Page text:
You might want to cut a PVC pipe lengthwise to provide a trough for a hydroponics operation, or perhaps you're looking for a way to cap off the top edge of a wood fence. Because it's so smooth, durable, and workable, PVC lends itself well to purposes such as these and others, but doing the actual cut takes careful preparation because the last thing you want is to have a pipe slip when you're running it through a stationary saw.
The choice of saws is an important consideration. It's possible to cut PVC in half with a table saw, but there are two problems: kickback and the thickness of the saw blade, or kerf. A typical table saw blade shaves off 1/8 inch of material, which is a lot to lose if you're cutting small-diameter pipe. A band saw blade has a smaller kerf, and it eliminates the danger of kickback, so if you have one, a band saw is the saw to use.
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Method 1: Build a Jig
You can build a simple jig to hold the pipe out of scrap plywood, medium-density fiberboard, or even particleboard. Measure the pipe diameter and rip a length of material the same length as the pipe or longer with a width equal to the pipe diameter. Rip two more lengths equal to the pipe diameter plus the thickness of the material and screw them to the first one to make an open-ended box for the pipe. Use screws that are just long enough to bite into the bottom piece by a quarter to a half inch to prevent them from contacting the saw blade.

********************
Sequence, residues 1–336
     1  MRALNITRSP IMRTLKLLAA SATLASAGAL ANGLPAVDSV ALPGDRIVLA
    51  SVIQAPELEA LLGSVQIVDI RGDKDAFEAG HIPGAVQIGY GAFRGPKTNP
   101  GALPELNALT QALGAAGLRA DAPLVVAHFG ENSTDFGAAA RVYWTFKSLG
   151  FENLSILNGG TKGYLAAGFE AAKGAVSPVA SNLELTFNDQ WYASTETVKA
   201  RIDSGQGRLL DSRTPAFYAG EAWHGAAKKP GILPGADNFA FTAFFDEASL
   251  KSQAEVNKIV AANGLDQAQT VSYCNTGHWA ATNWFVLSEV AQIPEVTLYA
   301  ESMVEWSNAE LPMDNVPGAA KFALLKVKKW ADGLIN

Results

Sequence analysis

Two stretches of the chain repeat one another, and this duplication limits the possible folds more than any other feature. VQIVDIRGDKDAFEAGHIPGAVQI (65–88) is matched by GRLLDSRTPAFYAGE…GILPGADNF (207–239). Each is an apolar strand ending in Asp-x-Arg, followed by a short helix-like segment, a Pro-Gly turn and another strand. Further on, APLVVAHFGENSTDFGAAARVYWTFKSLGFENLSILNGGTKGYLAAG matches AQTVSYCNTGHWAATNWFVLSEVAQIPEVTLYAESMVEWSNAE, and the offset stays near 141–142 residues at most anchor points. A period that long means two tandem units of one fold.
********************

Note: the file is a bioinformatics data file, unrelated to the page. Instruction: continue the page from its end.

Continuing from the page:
Stabilize the pipe by driving a single screw through the end of one of the side walls into the pipe and then feed the jig — pipe and all — through the blade. Stop when you're a little more than halfway through the cut, flip the pipe lengthwise, and feed the same end of the jig through the blade. This prevents you from cutting the jig in half along with the pipe.
Method 2: Glue the Pipe to a Piece of Wood
An even easier method to stabilize the pipe — and one that doesn't involve screws — is to glue the pipe to a length of 2x4 lumber with hot-melt glue. Once the glue has set, adjust the wood against the saw fence so the blade bisects the pipe and then push on the wood to feed the pipe through the blade.
When the cut is completed, you can dissolve the glue with hair spray. Spray it liberally along the length of the pipe and then use a putty knife or flat-head screwdriver to pry the pipe free of the wood. Spray the glue residue on the pipe with more hair spray to soften it and then pull it off. Hot-melt glue is rubbery and should come off without the need for scraping.
Method 3: Use a Rotary Tool
If you aren't concerned about getting straight edges, you can also cut PVC pipe in half lengthwise using a rotary tool with a circular wood-cutting blade attachment. You'll need to clamp the pipe to a work surface to stabilize it, and you'll have to make two cuts: one along one side of the pipe and one along the other.
To facilitate this, it's best to use a pipe slightly longer than what you need so you can keep the ends clamped until you cut both sides. When both cuts are complete, release the clamps and cut off both ends of the pipe with a hacksaw.